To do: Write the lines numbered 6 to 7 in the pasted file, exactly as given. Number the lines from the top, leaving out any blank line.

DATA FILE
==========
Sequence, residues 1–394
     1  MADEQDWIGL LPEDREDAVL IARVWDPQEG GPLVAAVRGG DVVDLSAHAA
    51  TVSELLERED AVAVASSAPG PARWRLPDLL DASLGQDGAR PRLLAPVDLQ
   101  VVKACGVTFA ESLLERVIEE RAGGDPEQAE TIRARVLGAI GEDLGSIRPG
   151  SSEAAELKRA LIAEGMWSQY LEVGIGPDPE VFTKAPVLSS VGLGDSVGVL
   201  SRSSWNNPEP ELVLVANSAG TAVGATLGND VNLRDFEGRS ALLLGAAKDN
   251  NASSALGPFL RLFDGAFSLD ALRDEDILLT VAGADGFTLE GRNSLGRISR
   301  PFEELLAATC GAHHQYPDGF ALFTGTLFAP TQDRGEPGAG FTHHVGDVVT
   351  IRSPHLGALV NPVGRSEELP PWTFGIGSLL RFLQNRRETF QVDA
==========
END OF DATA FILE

   201  SRSSWNNPEP ELVLVANSAG TAVGATLGND VNLRDFEGRS ALLLGAAKDN
   251  NASSALGPFL RLFDGAFSLD ALRDEDILLT VAGADGFTLE GRNSLGRISR